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REDEFINING THE MODERN MUSIC FESTIVAL FROM THE GROUND UP

John Henry Dale

While onstage at the GroundUp Festival at the North Miami Beach Bandshell in February, the band Snarky Puppy won their third Grammy for their latest album, Culcha Vulcha. But the group’s founder, Michael League, could hardly be bothered with celebration, as he was both playing live with most of the groups on the bill and directing several of the music education workshops featured throughout the weekend.

Though a scan of the weed-smoking fan base at the festival might lead one to assume otherwise, Snarky Puppy is not a jam band. Founded by League while studying at the University of North Texas College of Music’s world-renowned Jazz Studies program, Snarky Puppy has since relocated to Brooklyn and, over a decade of relentless musical hustle, have been met with substantial critical and commercial acclaim. Their unique orchestrations of modern jazz, funk, and soul instrumentals—combined with frequent guest vocalists, instrumentalists, and collaborations with classical ensembles such as the Metropole Orkest—are multivalent exercises in precisely arranged tempo, harmony, and melodic phrasing.

Yet the group somehow still manages to make deeply technical and virtuosic instrumental music sound catchy. The band’s increasing popularity and influence has led to some compelling artistic partnerships with, among others, jazz phenomenon Esperanza Spalding, classic rock legend David Crosby, Cuban percussionist and bandleader Pedrito Martinez, London’s modern funk and soul singer Laura Mvula, and Brazil’s Banda Magda, all of whom were featured performers at the three-day, inaugural edition of the festival, organized by League and his colleagues at GroundUp Records. The performances lasted throughout the day into the evening, with nightly after-parties at the nearby Deauville hotel that extended into the wee hours.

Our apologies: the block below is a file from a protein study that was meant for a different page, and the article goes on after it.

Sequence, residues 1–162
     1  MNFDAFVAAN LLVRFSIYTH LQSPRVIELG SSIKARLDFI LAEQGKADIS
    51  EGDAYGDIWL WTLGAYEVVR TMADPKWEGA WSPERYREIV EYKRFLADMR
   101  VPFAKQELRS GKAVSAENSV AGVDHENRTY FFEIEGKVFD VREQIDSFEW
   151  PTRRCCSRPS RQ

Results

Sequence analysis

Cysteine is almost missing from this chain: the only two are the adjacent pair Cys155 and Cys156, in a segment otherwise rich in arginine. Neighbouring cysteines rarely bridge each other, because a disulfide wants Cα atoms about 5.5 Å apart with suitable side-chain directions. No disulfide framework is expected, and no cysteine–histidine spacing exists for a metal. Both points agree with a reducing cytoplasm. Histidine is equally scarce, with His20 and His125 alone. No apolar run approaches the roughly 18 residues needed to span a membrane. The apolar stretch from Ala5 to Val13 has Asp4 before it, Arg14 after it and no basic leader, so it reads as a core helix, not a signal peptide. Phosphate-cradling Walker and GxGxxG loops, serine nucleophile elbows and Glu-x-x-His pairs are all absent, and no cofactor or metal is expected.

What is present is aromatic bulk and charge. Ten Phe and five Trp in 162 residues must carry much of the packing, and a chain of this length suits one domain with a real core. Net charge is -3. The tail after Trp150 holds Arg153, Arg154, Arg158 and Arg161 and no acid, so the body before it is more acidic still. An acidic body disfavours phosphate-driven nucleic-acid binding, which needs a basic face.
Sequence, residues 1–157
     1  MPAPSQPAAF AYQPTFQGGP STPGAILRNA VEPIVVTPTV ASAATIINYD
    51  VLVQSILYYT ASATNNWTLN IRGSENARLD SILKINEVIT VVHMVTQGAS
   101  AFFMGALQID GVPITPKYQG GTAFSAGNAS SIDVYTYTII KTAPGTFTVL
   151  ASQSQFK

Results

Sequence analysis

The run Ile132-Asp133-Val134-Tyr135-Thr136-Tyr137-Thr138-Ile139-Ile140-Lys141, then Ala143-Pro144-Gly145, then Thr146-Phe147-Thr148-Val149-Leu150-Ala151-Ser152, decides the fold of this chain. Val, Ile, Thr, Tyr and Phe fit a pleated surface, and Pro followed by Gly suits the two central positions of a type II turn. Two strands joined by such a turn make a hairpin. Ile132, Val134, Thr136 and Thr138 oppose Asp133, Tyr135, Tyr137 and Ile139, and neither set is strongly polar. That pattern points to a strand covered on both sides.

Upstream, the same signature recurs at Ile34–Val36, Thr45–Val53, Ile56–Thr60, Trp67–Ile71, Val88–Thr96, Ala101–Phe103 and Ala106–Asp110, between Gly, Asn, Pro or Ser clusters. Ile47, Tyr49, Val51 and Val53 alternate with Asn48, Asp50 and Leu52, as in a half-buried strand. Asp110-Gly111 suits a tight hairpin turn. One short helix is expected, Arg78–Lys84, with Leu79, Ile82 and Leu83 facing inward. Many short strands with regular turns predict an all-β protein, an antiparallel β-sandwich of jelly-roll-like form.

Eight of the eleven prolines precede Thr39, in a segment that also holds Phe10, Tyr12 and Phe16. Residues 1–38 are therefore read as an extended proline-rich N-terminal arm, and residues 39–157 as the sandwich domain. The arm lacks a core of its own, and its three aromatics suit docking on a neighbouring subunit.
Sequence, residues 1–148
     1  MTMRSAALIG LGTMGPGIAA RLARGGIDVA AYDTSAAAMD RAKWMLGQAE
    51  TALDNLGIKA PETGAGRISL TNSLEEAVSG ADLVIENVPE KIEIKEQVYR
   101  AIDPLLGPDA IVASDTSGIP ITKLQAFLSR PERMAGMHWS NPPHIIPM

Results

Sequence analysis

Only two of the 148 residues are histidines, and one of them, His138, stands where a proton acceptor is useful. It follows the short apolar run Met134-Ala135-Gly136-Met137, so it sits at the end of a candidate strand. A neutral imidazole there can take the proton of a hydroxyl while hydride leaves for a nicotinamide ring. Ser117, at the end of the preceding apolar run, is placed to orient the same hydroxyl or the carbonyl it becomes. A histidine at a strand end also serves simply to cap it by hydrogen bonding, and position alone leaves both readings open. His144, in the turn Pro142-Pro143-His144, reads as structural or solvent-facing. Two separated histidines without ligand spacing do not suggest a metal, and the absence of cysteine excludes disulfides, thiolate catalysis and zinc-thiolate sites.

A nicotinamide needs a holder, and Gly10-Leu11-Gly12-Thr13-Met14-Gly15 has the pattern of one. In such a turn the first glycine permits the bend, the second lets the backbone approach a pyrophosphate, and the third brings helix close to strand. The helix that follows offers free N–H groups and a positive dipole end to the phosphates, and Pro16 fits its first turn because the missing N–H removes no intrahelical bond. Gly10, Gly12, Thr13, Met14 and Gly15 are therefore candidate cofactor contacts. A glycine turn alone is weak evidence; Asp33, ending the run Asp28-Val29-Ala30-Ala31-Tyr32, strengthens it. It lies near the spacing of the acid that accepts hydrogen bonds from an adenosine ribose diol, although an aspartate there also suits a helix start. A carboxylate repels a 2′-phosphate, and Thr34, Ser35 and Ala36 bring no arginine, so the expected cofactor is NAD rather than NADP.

Spalding was listed on the festival bill as “Artist at Large,” mercurially appearing on many of the festival artists’ stages for a song or two throughout the weekend, often to thunderous applause. Having recently performed at Miami’s Adrienne Arsht Center in fall of 2016 while on her Emily’s D+Evolution tour, Spalding was also sure to attract some of Miami’s jazz aficionados. Playing her standup bass, Spalding’s collaboration with David Crosby (on vocals and guitar), Becca Stevens (on vocals), and Michael League (on acoustic guitar) was an exercise in tasteful restraint from her usual virtuosity. It was an ethereal and stirring folk-jazz ballad, reminiscent of a more straight-ahead Mingus-era Joni Mitchell tune but with three-part harmony.